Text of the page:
Working capital is the capital/funds required for day to day operations of the business. It is usually invested in all types of inventories, such as raw materials, spares, finished goods, etc., and credit extension to debtors and cash in hand.
Working capital is classified into different types, and the classification is based on the following views:
- Balance Sheet View
- Operating Cycle View
The balance sheet view divides working capital into gross working capital and net working capital, and the operating cycle view divides the working capital into permanent and temporary working capital. Temporary working capital is divided into seasonal and special working capital, whereas permanent working capital is divided into regular and reserve.
On the basis of Balance Sheet View, types of working capital are as below:
Gross Working Capital (GWC)
Current assets in the balance sheet of a company are gross working capital. Current assets are those short-term assets that can be converted into cash within one year. The grey area in managing current assets or gross working capital is its unpredictability, i.e., it is tough to ascertain the exact time of conversion of such assets.
It is because the liabilities occur at their time and do not wait for our current assets to realize. This mismatch or gap creates a need for arranging working capital financing.
Net Working Capital (NWC)
Net working capital is a very frequent term that we use in our life. There are two ways to understand net working capital. First, one says it is simply the difference between current assets and current liabilities on the balance sheet of a business. The other understanding discloses the little deeper or hidden meaning of the term. As per that, NWC is that part of current assets which are indirectly financed by long-term assets. Net working capital is considered more relevant for effective working capital financing and management than gross working capital.
On the basis of the Operating Cycle View, types of working capital are as below:
Permanent / Fixed Working Capital
Dealing with current assets and fixed assets is different. Determining the financing requirement in the case of fixed assets is simply the asset’s cost. The same is not true for current assets because the value of current assets is constantly changing, and it is difficult to forecast that value at any point in time accurately. To simplify the complexity to some extent, on the basis of past trends and experiences, we can find a level below which the current asset has never gone. The current assets below this level are permanent or fixed working capital. See the example below:
|Net Working Capital||Permanent / Fixed Working Capital|
Temporary / Variable Working Capital Requirement
In the example, 2500 is the permanent working capital below which the net working capital has not gone.
Regular Working Capital
It is the permanent working capital that the company normally requires in the normal course of business for the working capital cycle to flow smoothly.
Reserve Working Capital
It is the working capital available over and above the regular working capital. The company keeps it for contingencies that may arise due to unexpected situations.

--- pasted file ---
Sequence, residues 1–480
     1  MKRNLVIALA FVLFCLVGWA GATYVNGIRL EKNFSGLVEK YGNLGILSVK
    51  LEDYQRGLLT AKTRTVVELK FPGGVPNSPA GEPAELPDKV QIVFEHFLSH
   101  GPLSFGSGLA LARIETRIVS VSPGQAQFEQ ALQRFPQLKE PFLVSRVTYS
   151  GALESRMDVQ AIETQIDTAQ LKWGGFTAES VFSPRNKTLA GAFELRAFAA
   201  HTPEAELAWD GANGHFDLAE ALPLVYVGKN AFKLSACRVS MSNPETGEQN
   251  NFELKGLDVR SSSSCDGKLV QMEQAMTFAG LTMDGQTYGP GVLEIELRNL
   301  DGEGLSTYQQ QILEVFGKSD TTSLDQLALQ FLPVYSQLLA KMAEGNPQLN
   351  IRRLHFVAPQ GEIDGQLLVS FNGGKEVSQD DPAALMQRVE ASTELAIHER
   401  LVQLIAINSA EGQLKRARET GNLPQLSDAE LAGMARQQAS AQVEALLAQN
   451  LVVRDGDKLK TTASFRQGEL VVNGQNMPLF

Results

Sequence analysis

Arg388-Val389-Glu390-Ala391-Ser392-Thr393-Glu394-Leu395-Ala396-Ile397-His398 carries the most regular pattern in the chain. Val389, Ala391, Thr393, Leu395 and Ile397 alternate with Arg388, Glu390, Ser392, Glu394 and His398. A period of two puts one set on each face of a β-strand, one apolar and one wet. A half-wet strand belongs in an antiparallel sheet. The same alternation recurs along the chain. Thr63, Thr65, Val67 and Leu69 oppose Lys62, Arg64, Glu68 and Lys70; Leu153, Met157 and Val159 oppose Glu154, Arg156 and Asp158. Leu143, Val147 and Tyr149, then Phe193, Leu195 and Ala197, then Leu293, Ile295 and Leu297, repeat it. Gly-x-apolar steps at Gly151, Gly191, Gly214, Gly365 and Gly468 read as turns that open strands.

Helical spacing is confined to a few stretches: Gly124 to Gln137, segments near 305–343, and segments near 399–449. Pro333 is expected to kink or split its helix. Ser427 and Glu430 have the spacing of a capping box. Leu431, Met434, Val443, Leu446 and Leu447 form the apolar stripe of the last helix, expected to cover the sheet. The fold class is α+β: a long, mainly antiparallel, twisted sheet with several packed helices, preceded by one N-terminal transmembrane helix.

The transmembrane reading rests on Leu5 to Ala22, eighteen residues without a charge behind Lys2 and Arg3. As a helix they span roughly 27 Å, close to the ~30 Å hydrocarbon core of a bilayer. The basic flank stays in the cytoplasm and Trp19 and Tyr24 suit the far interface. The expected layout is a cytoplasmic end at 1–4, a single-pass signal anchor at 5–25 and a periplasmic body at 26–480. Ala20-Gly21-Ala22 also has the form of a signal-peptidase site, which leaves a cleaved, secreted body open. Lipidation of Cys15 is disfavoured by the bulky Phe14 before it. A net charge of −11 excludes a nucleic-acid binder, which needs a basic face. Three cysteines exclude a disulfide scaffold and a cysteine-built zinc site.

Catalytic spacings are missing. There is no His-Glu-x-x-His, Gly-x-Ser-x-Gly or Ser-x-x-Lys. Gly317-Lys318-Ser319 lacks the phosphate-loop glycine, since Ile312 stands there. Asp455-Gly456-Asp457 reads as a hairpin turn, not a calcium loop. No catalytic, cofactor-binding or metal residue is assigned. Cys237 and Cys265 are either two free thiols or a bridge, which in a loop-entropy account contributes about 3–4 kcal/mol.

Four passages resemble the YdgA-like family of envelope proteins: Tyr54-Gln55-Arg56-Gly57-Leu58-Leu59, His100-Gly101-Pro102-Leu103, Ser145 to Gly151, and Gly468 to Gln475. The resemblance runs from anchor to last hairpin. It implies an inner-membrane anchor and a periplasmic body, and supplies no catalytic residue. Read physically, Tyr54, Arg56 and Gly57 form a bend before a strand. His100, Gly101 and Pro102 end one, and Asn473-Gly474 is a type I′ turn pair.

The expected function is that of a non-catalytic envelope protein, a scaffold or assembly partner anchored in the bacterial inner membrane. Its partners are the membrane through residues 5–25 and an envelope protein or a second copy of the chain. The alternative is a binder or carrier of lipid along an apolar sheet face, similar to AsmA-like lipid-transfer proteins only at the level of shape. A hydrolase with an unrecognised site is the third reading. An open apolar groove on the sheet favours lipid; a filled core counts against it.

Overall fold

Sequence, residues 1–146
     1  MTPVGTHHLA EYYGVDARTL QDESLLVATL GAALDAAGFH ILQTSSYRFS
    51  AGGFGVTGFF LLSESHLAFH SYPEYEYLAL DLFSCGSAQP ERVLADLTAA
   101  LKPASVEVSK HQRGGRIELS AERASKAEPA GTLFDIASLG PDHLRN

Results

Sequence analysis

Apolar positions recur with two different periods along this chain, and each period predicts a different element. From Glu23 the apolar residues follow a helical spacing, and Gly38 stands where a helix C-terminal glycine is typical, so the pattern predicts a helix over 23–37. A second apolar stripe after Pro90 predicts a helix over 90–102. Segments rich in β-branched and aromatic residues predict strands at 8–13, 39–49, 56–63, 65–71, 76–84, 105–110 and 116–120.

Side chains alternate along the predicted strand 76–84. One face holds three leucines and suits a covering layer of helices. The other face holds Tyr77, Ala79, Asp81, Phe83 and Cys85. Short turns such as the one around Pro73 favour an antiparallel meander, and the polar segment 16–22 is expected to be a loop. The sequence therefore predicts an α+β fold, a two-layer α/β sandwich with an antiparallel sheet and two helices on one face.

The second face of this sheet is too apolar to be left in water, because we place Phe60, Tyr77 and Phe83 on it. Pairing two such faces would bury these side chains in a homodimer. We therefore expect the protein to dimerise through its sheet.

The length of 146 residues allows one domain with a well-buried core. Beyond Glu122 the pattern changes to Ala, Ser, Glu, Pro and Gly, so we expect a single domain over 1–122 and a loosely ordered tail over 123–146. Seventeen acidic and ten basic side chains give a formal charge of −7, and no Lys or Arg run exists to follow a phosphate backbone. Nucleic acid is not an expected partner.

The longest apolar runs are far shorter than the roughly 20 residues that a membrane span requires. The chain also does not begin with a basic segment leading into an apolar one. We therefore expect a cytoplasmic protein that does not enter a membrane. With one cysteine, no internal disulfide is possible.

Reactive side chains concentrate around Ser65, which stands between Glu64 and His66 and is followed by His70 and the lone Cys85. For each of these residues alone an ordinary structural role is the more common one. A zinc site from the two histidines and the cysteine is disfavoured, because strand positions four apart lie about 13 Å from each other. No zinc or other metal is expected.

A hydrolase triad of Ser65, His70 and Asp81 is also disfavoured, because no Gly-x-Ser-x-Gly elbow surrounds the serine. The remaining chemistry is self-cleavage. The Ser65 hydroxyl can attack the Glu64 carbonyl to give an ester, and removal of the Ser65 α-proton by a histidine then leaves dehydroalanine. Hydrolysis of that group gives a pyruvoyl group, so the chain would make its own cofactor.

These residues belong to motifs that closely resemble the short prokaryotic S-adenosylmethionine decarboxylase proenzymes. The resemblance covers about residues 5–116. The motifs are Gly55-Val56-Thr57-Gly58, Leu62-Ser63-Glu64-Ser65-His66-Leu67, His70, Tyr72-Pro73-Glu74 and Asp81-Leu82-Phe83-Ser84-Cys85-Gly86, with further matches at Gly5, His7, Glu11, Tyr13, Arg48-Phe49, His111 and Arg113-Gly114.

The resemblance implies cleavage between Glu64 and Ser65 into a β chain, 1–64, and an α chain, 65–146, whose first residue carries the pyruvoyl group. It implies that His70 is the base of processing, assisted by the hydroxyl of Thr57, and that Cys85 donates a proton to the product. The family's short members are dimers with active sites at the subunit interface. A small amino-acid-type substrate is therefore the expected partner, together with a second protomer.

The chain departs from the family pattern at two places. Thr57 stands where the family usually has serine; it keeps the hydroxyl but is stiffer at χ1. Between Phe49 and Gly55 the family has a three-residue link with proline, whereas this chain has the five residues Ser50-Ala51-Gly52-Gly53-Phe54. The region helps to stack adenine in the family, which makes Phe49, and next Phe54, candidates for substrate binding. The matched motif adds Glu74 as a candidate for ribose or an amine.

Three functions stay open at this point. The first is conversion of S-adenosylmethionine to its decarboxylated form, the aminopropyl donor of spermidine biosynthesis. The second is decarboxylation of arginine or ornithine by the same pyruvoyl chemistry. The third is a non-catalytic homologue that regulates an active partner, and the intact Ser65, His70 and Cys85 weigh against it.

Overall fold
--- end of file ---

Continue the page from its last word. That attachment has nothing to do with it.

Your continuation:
Temporary / Variable WC
Temporary working capital is easy to understand after getting hold of the permanent working capital. In simple terms, it is the difference between net working capital and permanent working capital. The main characteristic which can be made out of the example is “fluctuation.” Therefore, we cannot forecast the temporary working capital. In the interest of measurability, the further bifurcation can be as below, which can create at least some base to forecast.
Seasonal Working Capital
Seasonal working capital is a temporary increase in working capital that is a result of some relevant season for the business. It is applicable to businesses having the impact of seasons, for example, the manufacturer of sweaters for whom the relevant season is the winter. Normally, their working capital requirement would increase in that season due to higher sales in that period and then go down as the collection from debtors is more than sales.
Special Working Capital
Special working capital is that rise in the temporary working capital which occurs due to a special event that otherwise normally does not take place. It has no basis to forecast and has rare occurrences normally. For example, in a country there is an Olympic Games, all the businesses will require extra working capital due to a sudden rise in business activity.
Positive Working Capital
It refers to the excess of current assets over current liabilities. A positive working capital reflects a good liquidity position of the company.
Negative Working Capital
It is exactly the opposite of positive working capital. Negative working capital represents the excess current liabilities in comparison with the current assets.
Net Operating Working Capital
Net operating working capital only takes into account operational current assets and current liabilities.
Zero Working Capital
Zero working capital is the level of working capital where current assets are equal to current liabilities.
It was all about the types of working capital and how one should manage with several working capital techniques so as to have effective working capital management.
Quiz on Types of Working Capital – Gross and Net, Temporary and Permanent
This quiz will help you to take a quick test of what you have read here.